How to get started on passing a resolution in your town: 1) Fill out the form on the webpage; we’ll be in touch

to help connect you with other people in your area. Even if you don’t want to lead the fight, please sign up to help out! 2) Contact your Town Clerk about the requirement for getting an item on the agenda. Some towns require a certain number of signatures and have a deadline by which signatures should be submitted. Usually the number of signatures is just 10% of the number of people who voted in the last election. 3) The sample language below is just our suggestion. Feel free to modify it to suit your town —what's important is that your resolution calls for raising revenue by ending corporate tax loopholes. When corporations store money in foreign tax havens, that tax revenue is lost at both the state and the federal level. We need elected officials in Augusta and Washington to do their part to close these loopholes for big corporations, which is why we're asking towns to call on their state legislators as well as our Congressional delegation to be leaders on this issue. 4) Contact supportive Town Councilors or local legislators who are supportive. 5) Collect signatures if necessary, talk to your friends and neighbors, begin building momentum - we will be in touch!

TEMPLATE LOCAL RESOLUTION to Stop Corporate Tax Dodging: Invest in U.S.
The U.S. Congress must act now to raise significant new revenues by closing tax loopholes that allow Wall Street corporations to shift profits and jobs overseas to avoid U.S. taxes. Multinational corporations must be responsible by paying their fair share of taxes at home so that we can rebuild our roads, bridges and neighborhoods, invest in education for future generations and create an American economy that works for all of us.

Whereas, dozens of large, profitable corporations – such as General Electric, Verizon and Boeing – paid no federal income taxes from 2008 to 2011 by using loopholes that allow them to avoid these taxes; and

Whereas, U.S. multinational corporations are holding $1.9 trillion in profits offshore, much of it in tax havens like the Cayman Islands with little or no corporate income tax, and the U.S. government cannot collect taxes on those profits until they are brought back to the United States, which may never occur; and Whereas, if Congress closed the “deferral” loophole by requiring companies to pay taxes on their foreign profits, as they do on domestic profits, less any foreign taxes paid on their offshore profits, nearly $600 billion could be raised over 10 years, according to the Joint Committee on Taxation to make critical investments in the economy; Whereas tax dodging through the use of tax havens is estimated to cost each Maine taxpayer $642 and cost each Maine small business $1,614; Whereas corporate profits are at a 60-year high, while corporate taxes are near a 60-year low as a share of federal revenue, or just 10 percent i;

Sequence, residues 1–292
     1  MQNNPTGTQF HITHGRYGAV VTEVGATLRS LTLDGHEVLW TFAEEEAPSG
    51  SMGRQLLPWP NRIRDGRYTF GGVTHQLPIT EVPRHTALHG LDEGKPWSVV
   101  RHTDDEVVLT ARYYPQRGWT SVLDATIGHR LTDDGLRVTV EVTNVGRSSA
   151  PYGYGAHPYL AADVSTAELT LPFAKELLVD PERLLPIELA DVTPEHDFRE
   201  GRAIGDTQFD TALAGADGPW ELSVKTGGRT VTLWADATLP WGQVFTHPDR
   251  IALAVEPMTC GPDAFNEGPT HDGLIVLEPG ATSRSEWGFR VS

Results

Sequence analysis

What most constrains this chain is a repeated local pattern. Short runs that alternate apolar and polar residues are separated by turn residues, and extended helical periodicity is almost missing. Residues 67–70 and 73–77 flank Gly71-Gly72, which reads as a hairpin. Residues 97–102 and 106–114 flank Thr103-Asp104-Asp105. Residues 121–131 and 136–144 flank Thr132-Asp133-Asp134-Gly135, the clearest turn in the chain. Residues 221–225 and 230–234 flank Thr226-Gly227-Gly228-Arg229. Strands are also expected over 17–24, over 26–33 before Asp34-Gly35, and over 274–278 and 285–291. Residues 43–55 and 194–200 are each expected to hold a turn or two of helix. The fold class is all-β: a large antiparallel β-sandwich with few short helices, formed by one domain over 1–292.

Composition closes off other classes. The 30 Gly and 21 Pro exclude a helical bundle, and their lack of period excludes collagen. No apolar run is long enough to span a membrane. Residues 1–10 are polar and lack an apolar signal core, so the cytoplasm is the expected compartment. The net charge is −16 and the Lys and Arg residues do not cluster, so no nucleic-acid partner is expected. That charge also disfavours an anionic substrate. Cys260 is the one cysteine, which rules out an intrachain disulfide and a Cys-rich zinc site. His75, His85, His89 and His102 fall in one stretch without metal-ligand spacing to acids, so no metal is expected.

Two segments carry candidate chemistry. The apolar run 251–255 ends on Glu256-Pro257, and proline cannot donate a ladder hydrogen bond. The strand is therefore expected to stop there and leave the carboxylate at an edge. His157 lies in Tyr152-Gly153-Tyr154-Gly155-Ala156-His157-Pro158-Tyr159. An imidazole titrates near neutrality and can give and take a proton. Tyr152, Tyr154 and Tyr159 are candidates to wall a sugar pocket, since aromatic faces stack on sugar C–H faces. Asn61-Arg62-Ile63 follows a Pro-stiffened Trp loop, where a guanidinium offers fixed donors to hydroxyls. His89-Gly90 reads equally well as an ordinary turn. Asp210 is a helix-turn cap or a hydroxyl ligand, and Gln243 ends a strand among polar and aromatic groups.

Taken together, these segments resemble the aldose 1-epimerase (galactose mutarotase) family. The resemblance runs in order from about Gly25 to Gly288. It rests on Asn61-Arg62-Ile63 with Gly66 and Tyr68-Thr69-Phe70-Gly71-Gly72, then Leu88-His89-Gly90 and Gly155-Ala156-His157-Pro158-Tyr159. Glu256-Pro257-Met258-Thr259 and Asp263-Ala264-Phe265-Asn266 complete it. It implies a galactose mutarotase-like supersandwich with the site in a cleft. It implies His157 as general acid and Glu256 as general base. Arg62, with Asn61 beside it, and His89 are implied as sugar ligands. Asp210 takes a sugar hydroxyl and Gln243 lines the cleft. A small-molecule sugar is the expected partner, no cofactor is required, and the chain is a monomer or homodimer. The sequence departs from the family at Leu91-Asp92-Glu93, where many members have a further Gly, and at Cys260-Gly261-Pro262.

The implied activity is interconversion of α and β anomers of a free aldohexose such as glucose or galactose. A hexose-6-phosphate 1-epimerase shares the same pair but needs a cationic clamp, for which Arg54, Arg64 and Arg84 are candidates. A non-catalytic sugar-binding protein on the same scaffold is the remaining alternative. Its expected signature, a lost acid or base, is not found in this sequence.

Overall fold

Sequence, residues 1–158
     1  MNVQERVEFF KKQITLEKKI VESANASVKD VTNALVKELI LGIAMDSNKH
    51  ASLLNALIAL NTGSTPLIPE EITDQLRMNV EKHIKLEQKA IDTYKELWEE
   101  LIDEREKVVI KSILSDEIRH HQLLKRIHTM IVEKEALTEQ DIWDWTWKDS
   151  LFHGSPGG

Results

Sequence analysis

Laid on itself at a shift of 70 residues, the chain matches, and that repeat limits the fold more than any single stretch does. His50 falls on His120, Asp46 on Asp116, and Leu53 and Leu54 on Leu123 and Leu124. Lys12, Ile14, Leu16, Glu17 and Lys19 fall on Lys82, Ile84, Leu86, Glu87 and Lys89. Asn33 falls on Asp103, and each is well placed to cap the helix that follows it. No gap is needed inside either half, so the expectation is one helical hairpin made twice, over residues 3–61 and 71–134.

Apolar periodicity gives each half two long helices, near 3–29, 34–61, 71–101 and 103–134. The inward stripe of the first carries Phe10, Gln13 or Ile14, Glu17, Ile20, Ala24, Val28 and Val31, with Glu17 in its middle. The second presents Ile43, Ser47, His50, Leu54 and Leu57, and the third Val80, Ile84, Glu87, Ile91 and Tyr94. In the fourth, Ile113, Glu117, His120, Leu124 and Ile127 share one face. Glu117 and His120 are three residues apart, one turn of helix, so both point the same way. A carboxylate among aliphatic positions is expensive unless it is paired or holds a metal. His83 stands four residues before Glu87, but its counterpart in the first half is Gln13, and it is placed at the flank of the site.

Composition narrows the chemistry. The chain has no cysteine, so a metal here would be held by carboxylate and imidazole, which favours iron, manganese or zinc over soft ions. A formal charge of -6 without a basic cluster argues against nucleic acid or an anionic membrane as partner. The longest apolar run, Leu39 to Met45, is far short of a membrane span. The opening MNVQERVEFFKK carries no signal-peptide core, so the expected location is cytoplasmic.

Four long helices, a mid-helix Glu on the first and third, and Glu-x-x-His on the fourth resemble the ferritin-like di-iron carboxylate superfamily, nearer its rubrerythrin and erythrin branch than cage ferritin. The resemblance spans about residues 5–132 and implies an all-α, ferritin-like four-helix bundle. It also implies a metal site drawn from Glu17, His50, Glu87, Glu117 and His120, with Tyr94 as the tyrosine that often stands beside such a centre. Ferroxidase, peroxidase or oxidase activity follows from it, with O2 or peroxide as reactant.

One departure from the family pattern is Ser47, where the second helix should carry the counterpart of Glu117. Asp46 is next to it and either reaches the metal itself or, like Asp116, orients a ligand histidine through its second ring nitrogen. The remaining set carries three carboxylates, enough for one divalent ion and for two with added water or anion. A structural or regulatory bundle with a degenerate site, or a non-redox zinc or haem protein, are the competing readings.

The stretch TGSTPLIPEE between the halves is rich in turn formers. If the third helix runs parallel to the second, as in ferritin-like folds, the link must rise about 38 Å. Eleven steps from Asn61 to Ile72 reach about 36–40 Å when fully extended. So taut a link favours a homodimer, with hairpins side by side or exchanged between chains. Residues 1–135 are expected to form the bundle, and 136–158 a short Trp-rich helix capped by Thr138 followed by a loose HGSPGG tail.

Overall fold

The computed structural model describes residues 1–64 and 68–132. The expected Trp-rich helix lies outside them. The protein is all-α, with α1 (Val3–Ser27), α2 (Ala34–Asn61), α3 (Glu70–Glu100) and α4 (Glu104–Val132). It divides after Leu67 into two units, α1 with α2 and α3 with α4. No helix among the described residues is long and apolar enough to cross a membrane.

Whereas the effective tax rate of big profitable corporations is just 12.6 percent, according to the U.S. Government Accountability Office, far below the 35 percent statutory tax rate; Now, therefore, be it Resolved, That the Members of Maine’s Congressional Delegation, including Senators Susan Collins and Angus King, and the Members of Maine’s legislature should support proposals that— (1) Require corporations to pay their fair share of taxes in order to raise a significant amount of new revenue, so that corporations contribute to fixing our economy and to investing in the communities they profit from; (2) End tax loopholes that encourage U.S. corporations to ship profits and jobs overseas; (3) End tax loopholes that let U.S. multinational companies avoid taxes by shifting profits on paper to offshore subsidiaries in tax havens, where they have few, if any employees; (4) Level the playing field on taxes between multinational corporations and small Main Street businesses and between multinational corporations and domestic businesses;

U.S. Office of Management and Budget, Fiscal Year 2013 Budget, Historical Tables, 1934-2017 (Table 2.2) (2012).


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